While reading algebraic number theory, I came across the following statement: Let $K$ be a galois extension over $\mathbb{Q}$ and $H$ be the Hilbert class field (maximal unramified abelian extension) of $K$. As $H$ is maximal, $H$ is also galois over $\mathbb{Q}$. Can anyone explain why maximality implies $H$ is a galois extension over $\mathbb{Q}$?

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    $\begingroup$ Suppose it weren't Galois, and consider one of its conjugates. Composit that guy with $K$ and you have a larger abelian unramified extension, contradicting maximality. $\endgroup$ – Cam McLeman Feb 6 '14 at 6:00
  • $\begingroup$ More details in the comments to my answer at math.stackexchange.com/questions/142236/… $\endgroup$ – Cam McLeman Feb 6 '14 at 6:00
  • $\begingroup$ I did not get your comment. Let $\sigma$ be an embedding of $H$ that fixes $\mathbb{Q}$ pointwise. Why would the compositum of $K$ and $\sigma(H)$ be unramified and abelian? Where are we using the fact that $K$ is galois over $\mathbb{Q}$? $\endgroup$ – user92156 Feb 6 '14 at 7:17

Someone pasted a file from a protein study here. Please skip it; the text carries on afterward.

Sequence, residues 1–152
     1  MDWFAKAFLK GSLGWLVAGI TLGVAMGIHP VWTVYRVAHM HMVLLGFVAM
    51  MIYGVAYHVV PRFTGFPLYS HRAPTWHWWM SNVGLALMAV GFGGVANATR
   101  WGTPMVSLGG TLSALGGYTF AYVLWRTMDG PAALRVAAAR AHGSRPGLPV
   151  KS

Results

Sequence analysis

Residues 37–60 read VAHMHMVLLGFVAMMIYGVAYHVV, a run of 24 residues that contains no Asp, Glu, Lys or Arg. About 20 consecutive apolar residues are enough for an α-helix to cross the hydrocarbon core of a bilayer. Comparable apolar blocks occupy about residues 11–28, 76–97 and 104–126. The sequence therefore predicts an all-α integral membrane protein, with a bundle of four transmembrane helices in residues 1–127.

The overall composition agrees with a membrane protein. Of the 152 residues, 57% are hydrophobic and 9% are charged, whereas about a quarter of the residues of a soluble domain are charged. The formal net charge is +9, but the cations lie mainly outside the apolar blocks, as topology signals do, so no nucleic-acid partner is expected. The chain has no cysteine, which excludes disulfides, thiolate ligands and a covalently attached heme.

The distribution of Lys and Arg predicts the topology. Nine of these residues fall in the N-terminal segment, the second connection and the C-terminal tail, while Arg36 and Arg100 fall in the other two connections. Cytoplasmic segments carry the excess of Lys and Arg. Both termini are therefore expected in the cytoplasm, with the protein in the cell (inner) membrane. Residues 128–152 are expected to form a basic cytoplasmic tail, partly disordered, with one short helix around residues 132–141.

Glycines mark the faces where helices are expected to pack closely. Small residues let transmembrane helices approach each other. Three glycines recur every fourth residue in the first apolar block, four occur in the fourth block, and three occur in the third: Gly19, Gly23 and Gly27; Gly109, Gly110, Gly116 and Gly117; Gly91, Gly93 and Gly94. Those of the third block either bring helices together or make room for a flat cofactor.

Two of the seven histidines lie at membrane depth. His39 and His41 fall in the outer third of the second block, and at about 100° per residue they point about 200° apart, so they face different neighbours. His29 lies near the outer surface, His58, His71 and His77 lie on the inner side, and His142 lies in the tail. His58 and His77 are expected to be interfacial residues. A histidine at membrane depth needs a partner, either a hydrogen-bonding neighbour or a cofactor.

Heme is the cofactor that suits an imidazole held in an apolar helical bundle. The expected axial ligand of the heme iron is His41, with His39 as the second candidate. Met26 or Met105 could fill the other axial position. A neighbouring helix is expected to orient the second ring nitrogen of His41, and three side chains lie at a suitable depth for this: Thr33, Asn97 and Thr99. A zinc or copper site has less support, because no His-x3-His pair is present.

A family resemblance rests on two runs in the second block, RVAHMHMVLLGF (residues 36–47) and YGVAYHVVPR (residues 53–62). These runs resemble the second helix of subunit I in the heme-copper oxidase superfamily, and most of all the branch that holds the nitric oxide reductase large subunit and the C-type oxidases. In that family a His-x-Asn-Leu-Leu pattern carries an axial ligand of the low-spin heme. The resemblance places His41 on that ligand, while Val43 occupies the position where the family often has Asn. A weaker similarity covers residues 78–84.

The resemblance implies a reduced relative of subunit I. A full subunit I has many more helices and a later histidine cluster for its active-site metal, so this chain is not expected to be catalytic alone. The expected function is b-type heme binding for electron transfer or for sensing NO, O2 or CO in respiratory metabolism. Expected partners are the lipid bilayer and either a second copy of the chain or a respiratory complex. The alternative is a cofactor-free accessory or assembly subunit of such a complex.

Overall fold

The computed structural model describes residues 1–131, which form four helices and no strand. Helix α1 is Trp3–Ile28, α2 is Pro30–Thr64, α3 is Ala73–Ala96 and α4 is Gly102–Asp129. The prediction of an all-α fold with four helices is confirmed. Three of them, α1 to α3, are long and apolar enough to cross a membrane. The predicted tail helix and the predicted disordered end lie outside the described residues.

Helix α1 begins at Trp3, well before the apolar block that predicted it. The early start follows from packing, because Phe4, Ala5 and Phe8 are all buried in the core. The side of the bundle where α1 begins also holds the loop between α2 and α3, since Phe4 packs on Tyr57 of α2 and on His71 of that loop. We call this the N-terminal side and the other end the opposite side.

Sorry, my comment had a typo which made it unhelpful (the $K$ should be an $H$).

Here is the structure of the argument (with some details left to be filled in). Suppose $H/\mathbb{Q}$ were not Galois. Then there exists a conjugate $H^\sigma$ of $H$ distinct from $H$, and $H^\sigma$ is an unramified abelian extension of $K^\sigma$. Since $K/\mathbb{Q}$ is Galois, $K^\sigma=K$, and so both $H$ and $H^\sigma$ are both unramified abelian extensions of $K$. Thus their compositum $HH^\sigma$ is as well, and by assumed distinctness, properly contains $H$. This contradicts that $H$ was the maximal unramified abelian extension of $K$.

  • $\begingroup$ Sure thing -- sorry for the earlier confusion. $\endgroup$ – Cam McLeman Feb 7 '14 at 20:49

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